But now, there are so many experts - lawyers, agents, sales reps, distribution consultants - all working for filmmakers, that information and access have become extremely compartmentalized. It's now MORE important, not less so, for filmmakers to understand the business, the options, and the risks involved in distributing such personal works of art. And even if you don't have ten thousand hours to dedicate to mastering the art of film distribution, you can find other filmmakers more than willing to share their experiences, good and bad, and industry veterans (like Ben Barenholtz, Simon Perry and Dominique Green who are here at the Fleadh this year) and workshops and talks (like Film Independent's Filmmaker Conference in LA in October and some organized by Galway this year) to help walk you through some of the options and teach you how to protect your film. No one knows your film the way you do and there is no one size fits all strategy for the distribution of your film, but by doing the research about your options BEFORE you're at a market you and your film will ultimately be the better for it.

So, business aside...

Start by finding and telling stories that are your own. Crouching Tiger, Hidden Dragon, Slumdog Millionaire, A Separation - these are movies that don't aim at the centre. They tell stories that reflect their unique cultures but with an intelligence and humanism that makes them universal.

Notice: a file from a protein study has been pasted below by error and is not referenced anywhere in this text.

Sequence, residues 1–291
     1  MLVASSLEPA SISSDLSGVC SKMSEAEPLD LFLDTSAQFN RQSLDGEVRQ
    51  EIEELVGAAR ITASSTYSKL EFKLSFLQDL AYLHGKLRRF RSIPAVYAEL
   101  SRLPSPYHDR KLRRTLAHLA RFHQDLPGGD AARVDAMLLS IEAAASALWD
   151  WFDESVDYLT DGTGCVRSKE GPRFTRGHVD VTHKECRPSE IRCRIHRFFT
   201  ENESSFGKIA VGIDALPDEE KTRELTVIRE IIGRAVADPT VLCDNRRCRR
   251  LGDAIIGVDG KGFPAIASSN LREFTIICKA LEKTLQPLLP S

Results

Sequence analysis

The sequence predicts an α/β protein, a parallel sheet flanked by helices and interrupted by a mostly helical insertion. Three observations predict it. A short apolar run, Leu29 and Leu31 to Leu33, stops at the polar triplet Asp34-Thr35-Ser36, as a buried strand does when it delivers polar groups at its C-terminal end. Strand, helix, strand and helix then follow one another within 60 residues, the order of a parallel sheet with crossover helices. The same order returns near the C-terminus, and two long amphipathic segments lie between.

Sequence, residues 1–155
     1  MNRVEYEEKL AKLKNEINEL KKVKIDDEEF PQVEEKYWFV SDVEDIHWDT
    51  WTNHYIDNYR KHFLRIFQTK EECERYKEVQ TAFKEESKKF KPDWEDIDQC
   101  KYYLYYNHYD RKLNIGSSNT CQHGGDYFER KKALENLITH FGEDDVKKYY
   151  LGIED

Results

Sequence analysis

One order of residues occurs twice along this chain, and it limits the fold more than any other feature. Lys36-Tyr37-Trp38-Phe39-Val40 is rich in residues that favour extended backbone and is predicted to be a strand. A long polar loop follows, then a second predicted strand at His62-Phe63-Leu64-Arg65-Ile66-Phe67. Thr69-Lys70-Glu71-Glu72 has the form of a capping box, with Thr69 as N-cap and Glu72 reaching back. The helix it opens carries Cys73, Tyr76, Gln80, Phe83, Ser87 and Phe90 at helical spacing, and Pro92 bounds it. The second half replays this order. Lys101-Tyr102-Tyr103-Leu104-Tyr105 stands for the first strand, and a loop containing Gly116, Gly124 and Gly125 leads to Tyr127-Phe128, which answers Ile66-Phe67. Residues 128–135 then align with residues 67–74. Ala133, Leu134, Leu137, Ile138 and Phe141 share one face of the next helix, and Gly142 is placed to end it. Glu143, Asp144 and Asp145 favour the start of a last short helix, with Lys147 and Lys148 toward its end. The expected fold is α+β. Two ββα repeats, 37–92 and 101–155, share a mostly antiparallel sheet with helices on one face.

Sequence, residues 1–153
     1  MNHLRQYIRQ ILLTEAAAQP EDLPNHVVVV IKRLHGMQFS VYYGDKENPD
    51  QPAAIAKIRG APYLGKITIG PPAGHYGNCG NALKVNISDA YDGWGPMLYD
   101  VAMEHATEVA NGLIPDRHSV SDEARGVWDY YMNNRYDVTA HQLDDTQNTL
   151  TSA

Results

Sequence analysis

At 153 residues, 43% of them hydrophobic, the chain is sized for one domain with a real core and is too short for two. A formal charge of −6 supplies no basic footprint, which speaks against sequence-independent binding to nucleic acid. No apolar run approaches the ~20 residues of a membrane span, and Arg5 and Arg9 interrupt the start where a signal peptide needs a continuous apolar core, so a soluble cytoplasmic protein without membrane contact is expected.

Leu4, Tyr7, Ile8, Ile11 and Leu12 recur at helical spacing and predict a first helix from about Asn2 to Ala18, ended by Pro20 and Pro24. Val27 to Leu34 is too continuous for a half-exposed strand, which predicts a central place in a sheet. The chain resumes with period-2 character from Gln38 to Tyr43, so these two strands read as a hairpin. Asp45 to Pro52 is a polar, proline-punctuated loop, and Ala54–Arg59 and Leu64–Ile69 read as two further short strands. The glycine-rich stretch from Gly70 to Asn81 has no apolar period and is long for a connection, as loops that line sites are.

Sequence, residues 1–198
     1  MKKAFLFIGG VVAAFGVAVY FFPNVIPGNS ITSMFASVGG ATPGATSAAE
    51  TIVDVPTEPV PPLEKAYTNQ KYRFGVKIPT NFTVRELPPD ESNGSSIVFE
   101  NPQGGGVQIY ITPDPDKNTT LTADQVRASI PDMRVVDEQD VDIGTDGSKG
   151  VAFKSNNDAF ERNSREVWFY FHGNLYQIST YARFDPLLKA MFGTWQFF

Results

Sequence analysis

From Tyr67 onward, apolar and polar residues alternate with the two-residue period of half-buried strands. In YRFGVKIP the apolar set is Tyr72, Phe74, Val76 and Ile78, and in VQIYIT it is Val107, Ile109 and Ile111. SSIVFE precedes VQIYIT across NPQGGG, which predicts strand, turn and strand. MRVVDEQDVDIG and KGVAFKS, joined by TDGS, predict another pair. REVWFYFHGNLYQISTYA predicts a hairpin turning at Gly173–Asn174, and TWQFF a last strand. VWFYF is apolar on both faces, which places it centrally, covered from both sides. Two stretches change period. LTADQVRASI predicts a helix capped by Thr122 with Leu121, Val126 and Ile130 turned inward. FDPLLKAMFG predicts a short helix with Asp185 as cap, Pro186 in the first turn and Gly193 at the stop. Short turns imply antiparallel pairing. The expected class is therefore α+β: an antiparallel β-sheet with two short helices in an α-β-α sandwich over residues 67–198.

As New York Times columnist David Brooks recently said in relation to Bruce Springsteen touring in Europe, "Don't pretend you're a member of every community you visit. Don't try to be citizens of some artificial globalized community. Go deeper into your own tradition. Call more upon the geography of your own past. Be distinct and credible. People will come."

The challenge we face together - you as filmmakers, me as distributor - like any great marriage, is to seek each other out, work hard to engage with one another, and ultimately make each other better.

James Earl Jones famously said, "If you build it, they will come." Well, technology and new platforms will keep coming, but it is you all, our storytellers, our unique voices that will draw people to these models. And all the while, Sony Pictures Classics is excited to be there to help.

Go raimh maith agat do an Galway Film Fleadh, the Irish Film Board, James Hickey, Alan Maher, Teresa McGrane and Sarah Dillon for having me. I’m honored to be here and look forward to a fantastic festival!”